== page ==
For one of your research projects concerning skin cancer screening, data from approximately 60,000 patients were checked from 2002 to 2011. Although tumors were more often recognized at an early stage, they did not decline in the later stages. What conclusions can be drawn from this outcome?
SK: You are correct, the objective of skin cancer screening is to reduce the death rate (mortality), yet it was revealed that screening has not (to date) made a contribution in this respect. As a matter of fact, skin cancer screening is very controversial, we are the only country in Europe that offers skin cancer screening. For example, Australia has decided against skin cancer screening, although it has light-skinned inhabitants, strong radiation and a high incidence of melanoma. It may be too early to detect a decline in mortality, since further evaluation is required.

What do other countries actually have in place?
SK: Primary prevention. People are advised against too much exposure to the sun. But if you go out into the sun, wear sunscreen, long clothing, a hat, and avoid the midday sun – these measures would also be advisable for us, since screening solely remains secondary prevention for the purpose of detecting a change which potentially already exists. Nevertheless, the best form of prevention is the precautionary measures we can all take, for example, by getting a vaccination, exercising or even preventing sunburn, simply to ensure that tumors don't develop in the first place.

How do you obtain the data for your studies?
SK: We use data from the local residents' registration office, since we aim for a population-based sample of roughly all women between the ages of 30 and 40. We also want our studies to depict all social strata and population groups. People selected for this sample to participate in our studies are invited by a letter. In the MARZY study we analyzed data from nearly 10,000 women from Rhineland-Palatinate in order to obtain a representative cross-section of the women in that region.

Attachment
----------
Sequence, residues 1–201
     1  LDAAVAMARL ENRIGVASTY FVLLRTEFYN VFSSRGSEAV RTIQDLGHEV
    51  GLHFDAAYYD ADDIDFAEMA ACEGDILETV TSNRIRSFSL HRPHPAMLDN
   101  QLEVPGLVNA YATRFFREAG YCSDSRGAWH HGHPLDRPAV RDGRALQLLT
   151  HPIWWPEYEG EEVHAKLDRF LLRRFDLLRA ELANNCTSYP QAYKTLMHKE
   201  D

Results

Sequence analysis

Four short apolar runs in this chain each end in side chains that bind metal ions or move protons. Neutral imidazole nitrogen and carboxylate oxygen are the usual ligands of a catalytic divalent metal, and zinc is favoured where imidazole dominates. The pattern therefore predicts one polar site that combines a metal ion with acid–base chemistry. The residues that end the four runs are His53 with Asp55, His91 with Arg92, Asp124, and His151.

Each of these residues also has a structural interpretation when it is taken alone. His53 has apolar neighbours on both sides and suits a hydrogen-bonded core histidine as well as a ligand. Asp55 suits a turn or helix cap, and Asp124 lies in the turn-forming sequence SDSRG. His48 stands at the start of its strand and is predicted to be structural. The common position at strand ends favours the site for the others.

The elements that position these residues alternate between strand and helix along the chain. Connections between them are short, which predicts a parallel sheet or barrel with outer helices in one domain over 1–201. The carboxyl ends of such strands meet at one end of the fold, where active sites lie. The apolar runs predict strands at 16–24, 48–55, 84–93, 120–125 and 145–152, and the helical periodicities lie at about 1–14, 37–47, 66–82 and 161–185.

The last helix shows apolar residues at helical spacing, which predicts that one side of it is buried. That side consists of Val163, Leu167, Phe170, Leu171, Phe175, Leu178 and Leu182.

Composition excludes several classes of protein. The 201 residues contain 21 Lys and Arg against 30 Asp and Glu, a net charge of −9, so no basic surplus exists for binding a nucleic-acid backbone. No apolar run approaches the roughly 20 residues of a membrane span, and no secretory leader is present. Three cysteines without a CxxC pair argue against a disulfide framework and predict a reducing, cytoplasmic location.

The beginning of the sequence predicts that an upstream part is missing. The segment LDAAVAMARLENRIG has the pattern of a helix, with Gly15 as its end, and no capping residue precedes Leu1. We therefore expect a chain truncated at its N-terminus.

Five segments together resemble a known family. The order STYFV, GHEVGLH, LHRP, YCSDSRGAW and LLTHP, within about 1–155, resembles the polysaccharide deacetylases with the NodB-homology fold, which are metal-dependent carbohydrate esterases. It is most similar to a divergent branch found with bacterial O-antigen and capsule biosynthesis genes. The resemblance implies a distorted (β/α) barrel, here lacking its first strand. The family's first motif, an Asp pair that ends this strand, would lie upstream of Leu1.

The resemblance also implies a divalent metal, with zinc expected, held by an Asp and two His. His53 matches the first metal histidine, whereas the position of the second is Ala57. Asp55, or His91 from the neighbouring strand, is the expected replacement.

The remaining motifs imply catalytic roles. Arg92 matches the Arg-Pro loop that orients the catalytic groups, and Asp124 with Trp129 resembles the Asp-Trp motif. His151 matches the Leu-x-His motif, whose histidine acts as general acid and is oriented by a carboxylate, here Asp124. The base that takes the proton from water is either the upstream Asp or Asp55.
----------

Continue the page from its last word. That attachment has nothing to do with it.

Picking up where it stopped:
What is the link between your area of expertise - which addresses the prevalence of certain diseases in the population - and sports?
SK: It is the area of prevention that creates the link with epidemiology. This applies not only to me and my specialization, but also to the faculty as a whole. My colleagues also devote their energies to the comprehensive field of prevention. To what extent can sports be used as a preventive measure to combat the widespread diseases of diabetes, cardiovascular disease, and cancer? This is an issue that requires more extensive research.

What do you have planned for new study projects?
SK: We're planning a larger study involving sports interventions, the objective of which is to motivate people to exercise. There are many studies of this type involving children, yet it would be equally important to explore this avenue with adults. Although it is important for children to get involved in sports, we believe that older individuals should likewise stay active. In fact, lack of exercise is already being branded as the "cigarettes of the future", since inactivity poses a dramatic risk factor for today's lifestyle diseases, akin to smoking and lung cancer.

And finally, a general question: What kind of recommendations can you provide?
SK: People should themselves take the initiative in the form of primary prevention. To elaborate: we should exercise every day - whether by taking the stairs, going for a walk or even cleaning and doing sports - anything that regularly gets you off the sofa several times a week and makes you sweat is a good thing!

Contact:

Prof. Dr. Stefanie Klug
Technical University Munich
Chair of Epidemiology
Phone: +49 89 289-24951
Mail: stefanie.klug(at)tum.de

Corporate Communications Center

Technical University of Munich

Article at tum.de